At a time when churches nationwide are scrambling for members, wise financial stewardship is a nice selling feature. Your church might be more generous in helping the less fortunate than other churches in your neighborhood, but without universal 990s, how would anyone know?

Conclusion

Our situation is a little like that of the food industry in the late 1800s. Milk was sometimes diluted with water infused with chalk or plaster to cut costs. Pepper was sometimes diluted with charred rope or dirt. Formaldehyde and borax were food preservatives. Some food dyes contained lead or arsenic, and so on.[35] The food industry was constrained by few laws, and they encouraged politicians to keep it that way.

The food industry was in bed with politicians in the late 1800s, and church leaders are in bed with politicians today. Filing 990s might be embarrassing, so politicians removed that little problem for their friends. Churches and politicians (with some exceptions) like the status quo.

The food industry liked the status quo, too, but with the Pure Food and Drug Act of 1906, there was a new sheriff in town. Adulterating or mislabeling food and drugs had become a crime. The food industry and politicians, who would theoretically be responsible for identifying and solving the problem, were actually part of the problem. The industry couldn’t be trusted to police itself. Change came after citizens woke to the problem and demanded change. Press about the science behind the problem plus exposés like Upton Sinclair’s The Jungle (1904) made the difference.

That’s the lesson for financial transparency today. Trusting churches to police themselves doesn’t work, and change apparently won’t come through church leadership, who have assured politicians that the exemption is a political third rail. Maybe they can eventually be cajoled to do the right thing, but they won’t be leading the charge. Change will come after citizens see the problem and demand change. Better: Christians, we need you to see the problem and demand change.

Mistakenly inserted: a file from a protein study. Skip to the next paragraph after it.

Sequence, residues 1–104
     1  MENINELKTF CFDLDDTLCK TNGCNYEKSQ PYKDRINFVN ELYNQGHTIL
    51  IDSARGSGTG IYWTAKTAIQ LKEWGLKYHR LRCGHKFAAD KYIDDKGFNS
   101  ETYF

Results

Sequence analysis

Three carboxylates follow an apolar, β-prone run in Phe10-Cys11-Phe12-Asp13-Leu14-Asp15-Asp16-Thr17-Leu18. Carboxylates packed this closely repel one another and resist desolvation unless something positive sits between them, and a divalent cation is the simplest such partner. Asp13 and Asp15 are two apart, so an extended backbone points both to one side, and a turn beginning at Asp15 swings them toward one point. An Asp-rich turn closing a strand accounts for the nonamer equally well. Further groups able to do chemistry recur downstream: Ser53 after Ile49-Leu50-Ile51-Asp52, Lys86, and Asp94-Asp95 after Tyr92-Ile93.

There are many beneficiaries from financial transparency. Not only are typical Christians the biggest winners from this change—by opening church finances that had looked suspicious—they’re the ones with the power. Politicians will listen to them.

At the turn of the twentieth century, we needed new science to build the case for food safety. Today, we don’t need anything new to make the case for financial transparency, since the case is obvious to anyone interested enough to look for it. What we need is a critical mass of Christians demanding change.

My Christian friends, raise this topic with others in your congregation. Forward them this article. Write a letter to the editor. Complain to your congressperson. Do something to make this an important topic of conversation. Don’t look to church leadership to do it for you. This is your opportunity to change things for the better.

Sunlight is said to be the best of disinfectants;
electric light the most efficient policeman.